• Third floor: none
  • Fourth floor: none
  • Fifth Floor: Ron
  • Unknown: Master bedroom, Bill’s bedroom

Let’s tackle the master bedroom first.

On which floor is the master bedroom?
In DH6 it is clear that the trip from Ron’s bedroom to the master bedroom is a very quick one. It even seems that they might be on the same floor. However, looking at the floor guide we just created, this doesn’t make a lot of sense. At least one floor would be left with no bedrooms at all, and to have two such large rooms at the top, the Burrow would have to be shaped like a mushroom. Further, Ron’s bedroom is often referred to as being in the “attic” – and why would Molly say this if her bedroom was up there as well? It makes much more sense for the master bedroom to be located one floor below Ron’s, on the fourth floor. This now leaves us with:

  • First floor: Ginny
  • Second floor: Percy, Fred and George
  • Third floor: none
  • Fourth floor: Master bedroom
  • Fifth Floor: Ron
  • Unknown: Bill’s bedroom

Let’s tackle Bill’s room next.

On which floor is Bill’s bedroom?
There seem to be two equally logical places that Bill’s bedroom could fall. Either it could fill the space on the third floor, where we currently have no bedrooms at all, or it could sit next to Ginny’s room on the first floor. I actually like the second possibility better: remember that Ginny’s room is described as “very small,” and both the floor below and the floor above it have multiple rooms. This would mean the house would look like this:

  • First floor: Bill, Ginny
  • Second floor: Percy, Fred and George
  • Third floor: none
  • Fourth floor: Master bedroom
  • Fifth Floor: Ron

There’s another reason I like this explanation too, though, which fits in with our earlier unanswered question about Charlie.

Why doesn’t Charlie have a bedroom?
As I was thinking about these two questions (Charlie’s room and where to put Bill’s room), it dawned on me that, from the bottom of the house to the top, the bedrooms roughly fall chronologically. Bill, the oldest child, is on the first floor; Percy, Fred, and George, numbers 3-5, are on the second floor; Ron is at the top. The only exception is Ginny. Why would she be so close to the ground floor, in a room that almost certainly would have been assigned to an older sibling before she ever even came along? Then the answer hit me: because it was assigned to an older sibling before she came along. Ginny’s room used to belong to Charlie.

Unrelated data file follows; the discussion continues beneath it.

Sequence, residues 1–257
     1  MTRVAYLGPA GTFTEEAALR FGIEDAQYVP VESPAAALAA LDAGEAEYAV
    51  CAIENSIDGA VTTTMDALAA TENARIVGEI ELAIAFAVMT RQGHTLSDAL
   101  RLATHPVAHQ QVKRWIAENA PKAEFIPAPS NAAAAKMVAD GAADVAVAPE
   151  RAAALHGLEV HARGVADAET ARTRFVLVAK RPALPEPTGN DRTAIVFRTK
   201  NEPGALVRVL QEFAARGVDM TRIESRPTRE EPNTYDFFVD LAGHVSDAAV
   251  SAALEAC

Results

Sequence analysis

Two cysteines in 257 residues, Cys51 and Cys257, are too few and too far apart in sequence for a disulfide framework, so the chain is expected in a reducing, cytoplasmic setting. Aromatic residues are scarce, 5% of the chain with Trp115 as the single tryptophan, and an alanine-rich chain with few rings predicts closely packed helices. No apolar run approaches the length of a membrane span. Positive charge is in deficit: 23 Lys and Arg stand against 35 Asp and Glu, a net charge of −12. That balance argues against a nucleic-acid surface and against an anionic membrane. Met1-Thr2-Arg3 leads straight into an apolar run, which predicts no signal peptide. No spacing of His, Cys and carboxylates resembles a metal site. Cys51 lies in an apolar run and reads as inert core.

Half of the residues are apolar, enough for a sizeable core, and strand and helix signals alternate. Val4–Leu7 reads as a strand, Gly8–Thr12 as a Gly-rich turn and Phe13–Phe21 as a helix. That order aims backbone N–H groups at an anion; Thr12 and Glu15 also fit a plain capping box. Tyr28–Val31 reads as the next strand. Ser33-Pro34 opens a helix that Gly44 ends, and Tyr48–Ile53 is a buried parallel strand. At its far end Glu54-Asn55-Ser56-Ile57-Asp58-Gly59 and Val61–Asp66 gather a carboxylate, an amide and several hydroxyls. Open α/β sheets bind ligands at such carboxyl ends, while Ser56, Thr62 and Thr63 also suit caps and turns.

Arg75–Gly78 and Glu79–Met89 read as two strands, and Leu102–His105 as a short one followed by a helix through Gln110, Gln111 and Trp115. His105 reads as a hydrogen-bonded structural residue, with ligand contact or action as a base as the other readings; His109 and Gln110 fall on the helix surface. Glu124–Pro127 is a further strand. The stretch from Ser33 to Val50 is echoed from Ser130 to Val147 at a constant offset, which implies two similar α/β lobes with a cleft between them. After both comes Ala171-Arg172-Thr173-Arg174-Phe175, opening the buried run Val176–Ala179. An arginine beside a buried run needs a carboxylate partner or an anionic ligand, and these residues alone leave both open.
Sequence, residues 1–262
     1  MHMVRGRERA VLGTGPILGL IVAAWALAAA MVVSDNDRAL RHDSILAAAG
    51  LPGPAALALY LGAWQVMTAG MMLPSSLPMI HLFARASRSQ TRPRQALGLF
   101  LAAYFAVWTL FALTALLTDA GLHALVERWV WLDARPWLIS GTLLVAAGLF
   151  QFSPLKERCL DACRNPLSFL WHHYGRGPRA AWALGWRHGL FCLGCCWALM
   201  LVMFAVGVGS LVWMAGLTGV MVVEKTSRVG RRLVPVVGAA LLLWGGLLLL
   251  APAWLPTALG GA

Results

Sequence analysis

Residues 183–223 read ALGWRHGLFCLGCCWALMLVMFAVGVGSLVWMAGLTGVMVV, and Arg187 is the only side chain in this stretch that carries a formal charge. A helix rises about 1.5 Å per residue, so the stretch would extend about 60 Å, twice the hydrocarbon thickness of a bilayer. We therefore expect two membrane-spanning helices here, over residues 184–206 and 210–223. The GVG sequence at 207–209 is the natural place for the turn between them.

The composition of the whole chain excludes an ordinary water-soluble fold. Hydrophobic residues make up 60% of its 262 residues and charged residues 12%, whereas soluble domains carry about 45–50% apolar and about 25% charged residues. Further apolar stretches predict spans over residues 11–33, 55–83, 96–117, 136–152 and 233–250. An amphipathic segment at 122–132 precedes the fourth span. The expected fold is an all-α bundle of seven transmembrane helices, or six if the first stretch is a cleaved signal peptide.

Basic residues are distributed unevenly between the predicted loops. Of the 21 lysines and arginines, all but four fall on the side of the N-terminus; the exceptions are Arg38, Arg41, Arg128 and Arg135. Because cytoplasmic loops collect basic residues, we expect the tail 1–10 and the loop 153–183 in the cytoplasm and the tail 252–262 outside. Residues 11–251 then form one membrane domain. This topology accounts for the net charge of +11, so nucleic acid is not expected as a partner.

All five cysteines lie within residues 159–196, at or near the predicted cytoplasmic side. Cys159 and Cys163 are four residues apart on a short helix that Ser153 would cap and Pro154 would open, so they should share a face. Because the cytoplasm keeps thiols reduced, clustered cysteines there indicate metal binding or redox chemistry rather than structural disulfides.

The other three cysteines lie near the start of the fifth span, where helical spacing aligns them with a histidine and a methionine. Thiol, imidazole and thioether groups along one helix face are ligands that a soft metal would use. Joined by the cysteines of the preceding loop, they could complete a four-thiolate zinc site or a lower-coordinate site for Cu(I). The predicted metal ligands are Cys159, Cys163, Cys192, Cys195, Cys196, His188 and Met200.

This works because Charlie left for Hogwarts around the same time that Ginny would have started needing her own room, when she had just turned three. Prior to this she easily could have shared with Ron, or else slept in her parents’ bedroom (she was their precious little girl, after all). And since Bill and Charlie were going to be gone most of the year anyway, they could share the larger of their two bedrooms when home (Bill’s – he was the oldest), and Ginny could take the smaller one for herself (Charlie’s). For a time Bill’s room would have become “Bill and Charlie’s room,” but since Bill moved back to England in 1995 to help the Order of the Phoenix while Charlie remained thousands of miles away in Romania, it became “Bill’s room” once again, though he still shares it with Charlie whenever his brother comes back to visit.

So what about the third floor?
This layout still leaves the third floor empty. Prior to DH, it was widely assumed that Ginny’s bedroom was on the third floor, as this was where Harry saw her poking her head out of a door on his first visit to the Burrow. But we now know that her room is on the first floor, so that leaves… what exactly? We know there isn’t another bedroom. Perhaps there’s a small office here, or perhaps more likely, a couple of bathrooms. The (presumably larger) master bedroom being above this level would certainly contribute to the house’s looking like it’s held up by magic!